David and Lori Janeson on Kayaking in Canada

| October 19, 2017 | 8 Comments

 

David and Lori Janeson on Kayaking in Canada

Man kayaking

 

David and Lori Janeson on Kayaking in Canada

 

Much of Canada’s interior harbours an ancient, virtually uninhabited boreal forest riven by an intricate network of marshes, streams, rivers and lakes. It’s the perfect place to explore by kayak. Avid kayaker Lori Janeson, who lives on the shores of Manitoba’s enormous Lake Winnipeg with her husband David, loves introducing native Canadians and outsiders alike to her beloved sport of kayaking. But she’s adamant that novice kayakers take basic precautions to stay safe out on the water. She recommends four in particular.

 

4 Things to Remember About Kayaking in Canada

  • It’s cold. Surprise, surprise. Read up on appropriate cold weather kayaking clothing and gear before venturing out.
  • It’s remote. You don’t have to go far to find truly unspoiled wilderness in Canada. The lack of a human presence is problematic when you’re in trouble, however. If you plan to be out of cell phone range, bring a satellite phone, emergency radio, flares, or all three.
  • It’s rustic. Three words: Bring a tent. Truly life-changing Canadian kayaking experiences demand rough edges — and a willingness to sleep under the stars.
  • It’s not a year-round pursuit. In most of Canada, surface water freezes at some point during autumn and remains solid until spring. The kayaking season runs accordingly: June through October or November in the south, June or July through September further north. Sea kayaking is a different matter — if you can bear the cold, you can do that year-round in southern Canada.

 

David and Lori Janeson on Kayaking in Canada

A kayak on water

 

6 Great Places to Kayak in Canada

Lori and David have kayaked more places than they can count. They’re especially fond of these six spots.

  • Hecla Island, Manitoba: The Janesons’ home base happens to be a world-class kayaking destination. Nearby Black Island is a rarely visited treasure that hosts countless water birds: cormorants, herons, ospreys, and more.
  • Lac Manicouagan, Quebec: The so-called “Eye of Quebec” is actually an ancient impact crater. The ring-shaped lake takes several days to paddle around, but the mountainous central island provides endlessly entertaining views.
  • Devil’s Nostrils, Newfoundland: This distinctive sea cave complex is a remote but worthy destination for adventurous kayakers. If you’re up for a longer paddle out onto the open waters of the Atlantic, you can almost certainly get up close and personal with icebergs drifting down from Greenland.
  • Quetico Provincial Park, Ontario: Quetico is a maze-like warren of small and medium-sized lakes and rivers, many of which go days or weeks without hosting a boat. The park nestles up against the equally pristine Boundary Waters Canoe Area Wilderness, in the U.S. state of Minnesota.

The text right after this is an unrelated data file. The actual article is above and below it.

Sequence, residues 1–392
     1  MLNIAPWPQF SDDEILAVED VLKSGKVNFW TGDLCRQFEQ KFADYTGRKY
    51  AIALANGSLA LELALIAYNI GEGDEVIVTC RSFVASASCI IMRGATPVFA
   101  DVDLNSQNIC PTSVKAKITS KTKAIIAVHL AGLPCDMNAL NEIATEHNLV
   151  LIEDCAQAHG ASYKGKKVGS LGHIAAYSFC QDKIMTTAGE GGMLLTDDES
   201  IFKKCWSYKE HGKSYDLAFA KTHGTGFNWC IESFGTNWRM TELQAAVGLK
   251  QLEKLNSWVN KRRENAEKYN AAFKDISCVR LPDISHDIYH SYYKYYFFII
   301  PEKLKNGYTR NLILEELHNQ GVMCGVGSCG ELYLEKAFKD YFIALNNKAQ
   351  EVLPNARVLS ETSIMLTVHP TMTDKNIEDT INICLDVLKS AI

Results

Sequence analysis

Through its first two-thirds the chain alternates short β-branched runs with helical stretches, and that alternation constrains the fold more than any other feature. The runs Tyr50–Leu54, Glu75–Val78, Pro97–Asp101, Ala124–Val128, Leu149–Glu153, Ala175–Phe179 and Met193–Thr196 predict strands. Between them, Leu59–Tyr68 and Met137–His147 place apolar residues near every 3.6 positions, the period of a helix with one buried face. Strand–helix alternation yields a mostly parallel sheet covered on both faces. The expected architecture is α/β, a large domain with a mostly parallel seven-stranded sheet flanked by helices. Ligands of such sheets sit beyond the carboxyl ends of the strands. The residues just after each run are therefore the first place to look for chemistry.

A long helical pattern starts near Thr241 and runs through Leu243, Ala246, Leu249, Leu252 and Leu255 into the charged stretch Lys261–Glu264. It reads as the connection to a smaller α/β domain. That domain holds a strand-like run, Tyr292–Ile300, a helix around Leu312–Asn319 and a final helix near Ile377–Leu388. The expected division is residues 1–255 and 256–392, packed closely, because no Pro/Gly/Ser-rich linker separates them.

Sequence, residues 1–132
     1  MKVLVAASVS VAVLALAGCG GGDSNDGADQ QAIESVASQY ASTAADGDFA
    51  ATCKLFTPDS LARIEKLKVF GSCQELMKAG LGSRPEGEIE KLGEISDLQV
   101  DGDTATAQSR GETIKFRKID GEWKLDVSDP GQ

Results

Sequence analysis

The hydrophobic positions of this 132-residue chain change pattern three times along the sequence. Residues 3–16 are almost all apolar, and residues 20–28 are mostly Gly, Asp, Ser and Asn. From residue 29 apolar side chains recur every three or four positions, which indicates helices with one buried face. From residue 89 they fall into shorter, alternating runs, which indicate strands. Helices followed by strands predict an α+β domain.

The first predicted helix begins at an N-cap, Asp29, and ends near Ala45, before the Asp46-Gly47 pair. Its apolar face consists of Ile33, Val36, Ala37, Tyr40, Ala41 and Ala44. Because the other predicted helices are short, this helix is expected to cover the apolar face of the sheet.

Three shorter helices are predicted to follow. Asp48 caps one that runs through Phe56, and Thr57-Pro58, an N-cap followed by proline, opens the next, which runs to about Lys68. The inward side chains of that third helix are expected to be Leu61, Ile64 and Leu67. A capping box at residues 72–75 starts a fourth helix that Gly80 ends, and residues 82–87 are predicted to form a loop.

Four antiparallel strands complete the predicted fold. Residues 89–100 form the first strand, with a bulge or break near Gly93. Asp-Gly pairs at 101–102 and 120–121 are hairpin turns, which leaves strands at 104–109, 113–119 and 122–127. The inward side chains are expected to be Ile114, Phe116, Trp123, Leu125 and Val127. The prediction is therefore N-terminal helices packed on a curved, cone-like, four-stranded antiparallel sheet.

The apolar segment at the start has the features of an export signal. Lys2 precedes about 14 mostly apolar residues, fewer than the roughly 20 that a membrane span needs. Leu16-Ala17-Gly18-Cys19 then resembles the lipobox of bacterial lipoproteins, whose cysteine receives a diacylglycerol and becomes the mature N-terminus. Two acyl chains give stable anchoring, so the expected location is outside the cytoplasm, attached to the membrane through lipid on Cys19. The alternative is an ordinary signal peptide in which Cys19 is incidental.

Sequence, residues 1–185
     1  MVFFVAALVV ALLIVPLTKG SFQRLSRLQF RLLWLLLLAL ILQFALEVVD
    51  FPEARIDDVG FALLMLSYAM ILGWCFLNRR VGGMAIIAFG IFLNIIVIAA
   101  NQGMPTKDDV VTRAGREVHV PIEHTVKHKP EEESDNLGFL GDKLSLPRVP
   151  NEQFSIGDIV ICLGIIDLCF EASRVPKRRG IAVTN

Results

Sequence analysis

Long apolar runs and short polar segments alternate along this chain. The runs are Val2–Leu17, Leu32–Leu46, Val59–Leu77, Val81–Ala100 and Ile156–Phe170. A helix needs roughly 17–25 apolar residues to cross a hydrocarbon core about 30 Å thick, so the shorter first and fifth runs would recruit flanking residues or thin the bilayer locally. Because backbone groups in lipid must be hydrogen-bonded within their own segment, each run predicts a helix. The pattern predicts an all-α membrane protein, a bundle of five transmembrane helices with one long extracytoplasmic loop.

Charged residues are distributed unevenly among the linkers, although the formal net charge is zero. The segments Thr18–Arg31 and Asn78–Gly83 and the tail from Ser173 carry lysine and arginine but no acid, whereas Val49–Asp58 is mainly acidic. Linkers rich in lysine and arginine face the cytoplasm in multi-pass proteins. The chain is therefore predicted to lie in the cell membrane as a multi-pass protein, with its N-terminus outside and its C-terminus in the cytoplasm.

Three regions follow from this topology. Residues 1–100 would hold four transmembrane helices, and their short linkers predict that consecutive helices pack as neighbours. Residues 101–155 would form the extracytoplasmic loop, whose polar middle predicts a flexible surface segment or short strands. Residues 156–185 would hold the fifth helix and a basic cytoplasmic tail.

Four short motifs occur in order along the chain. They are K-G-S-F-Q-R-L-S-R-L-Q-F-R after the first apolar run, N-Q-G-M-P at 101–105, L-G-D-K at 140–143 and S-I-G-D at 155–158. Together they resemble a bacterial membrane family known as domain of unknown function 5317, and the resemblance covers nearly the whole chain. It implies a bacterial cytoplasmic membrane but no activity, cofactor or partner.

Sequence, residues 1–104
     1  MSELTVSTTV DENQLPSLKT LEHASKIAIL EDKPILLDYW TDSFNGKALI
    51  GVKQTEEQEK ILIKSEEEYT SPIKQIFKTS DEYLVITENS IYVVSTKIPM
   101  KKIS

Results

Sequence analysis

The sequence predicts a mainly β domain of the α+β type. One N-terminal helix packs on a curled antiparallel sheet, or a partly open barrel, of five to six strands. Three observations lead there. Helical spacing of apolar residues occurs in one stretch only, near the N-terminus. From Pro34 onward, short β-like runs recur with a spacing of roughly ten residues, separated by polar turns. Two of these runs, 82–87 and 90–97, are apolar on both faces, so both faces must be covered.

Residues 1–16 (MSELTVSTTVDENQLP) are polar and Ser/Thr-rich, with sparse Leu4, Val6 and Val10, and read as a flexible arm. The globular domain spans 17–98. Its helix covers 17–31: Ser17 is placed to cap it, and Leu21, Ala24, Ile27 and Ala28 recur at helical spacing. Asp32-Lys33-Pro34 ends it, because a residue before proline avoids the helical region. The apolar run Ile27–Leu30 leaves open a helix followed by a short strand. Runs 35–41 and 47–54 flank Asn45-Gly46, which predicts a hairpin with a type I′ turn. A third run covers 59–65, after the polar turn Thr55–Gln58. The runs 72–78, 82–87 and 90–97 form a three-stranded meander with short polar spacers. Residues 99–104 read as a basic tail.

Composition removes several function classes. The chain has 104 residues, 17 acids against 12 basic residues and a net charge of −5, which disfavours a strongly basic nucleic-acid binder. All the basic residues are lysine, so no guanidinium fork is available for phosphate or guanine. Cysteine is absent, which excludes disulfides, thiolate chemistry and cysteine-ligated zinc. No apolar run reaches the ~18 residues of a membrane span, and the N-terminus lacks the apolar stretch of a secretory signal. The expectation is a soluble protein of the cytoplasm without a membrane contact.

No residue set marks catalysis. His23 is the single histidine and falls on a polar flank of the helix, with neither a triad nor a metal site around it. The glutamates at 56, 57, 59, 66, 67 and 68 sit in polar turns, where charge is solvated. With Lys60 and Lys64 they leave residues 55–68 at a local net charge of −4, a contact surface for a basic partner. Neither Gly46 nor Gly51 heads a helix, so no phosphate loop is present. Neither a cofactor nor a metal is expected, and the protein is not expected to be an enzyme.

• Manitoulin Island, Ontario: This gigantic island marks off Georgian Bay from the rest of Lake Huron. An extension of the waterlogged mainland, it’s has an unusual distinction: It’s the world’s only freshwater island that has a lake with an island with a lake with an island on it. Got that? Now find it!
  • Lake Bras d’Or, Nova Scotia: This brackish lake is calmer than the ocean feeding it, and the views of the Cape Breton Highlands are nothing short of spectacular.

Where’s your next kayaking trip? Tell us in the comments section.

 

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Category: Attractions, Canada, Sports, Tips, Weekly Themes, Wellness

About the Author ()

Lyne is happily married and has two teenagers: a 19 year old son and a 22 year old daughter. She is a Certified Infant Massage Instructor (CIMI), Certified Professional Wedding Consultant, and an Event Planner. It has always been her dream to create a website dedicated just for Moms since her children were young. Thus, after 10 years, she finally accomplished it, and the Ottawa Mommy Club was born in May 2011. She was also the Queen B of the BConnected Conference, Canada's Digital Influencer and social media Conference in Ottawa and Toronto. She coordinated the Annual Infant Information Day/Early Years Expo for the City of Ottawa for 8 years. She was also the co-chair of the Navan for Kraft Hockeyville 2009-2011 committee that organized five community events within 6 months, and helped Navan reach the top 10 finalists in Canada. In April 2011, she received the Mayor's City Builder Award.

Comments (8)

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  1. loriag says:

    I have been Sea kayaking in Prince Rupert, BC, it was a amazing experience.

  2. Nate says:

    So many beautiful places to kayak in Canada

  3. LisaM says:

    That looks so fantastic!

  4. Jonnie says:

    Kayaking is so peaceful. I hope to take a kayaking trip with my husband some day after the kids are grown.

  5. Sab Edwards says:

    My daughter used to kayak here in SK but she left it behind when she moved to ON and I hope she can pick up the stuff and do it again, as she really enjoyed it

  6. Elizabeth Matthiesen says:

    I may be old but I’d love to have a go at this – not alone though. 🙂

  7. So very beautiful. If only I wasn’t petrified of boats.

  8. Erin N says:

    Wow – such beautiful places to kayak! I have only been kayaking a couple times and it wear me out – lol! Thank you for sharing.

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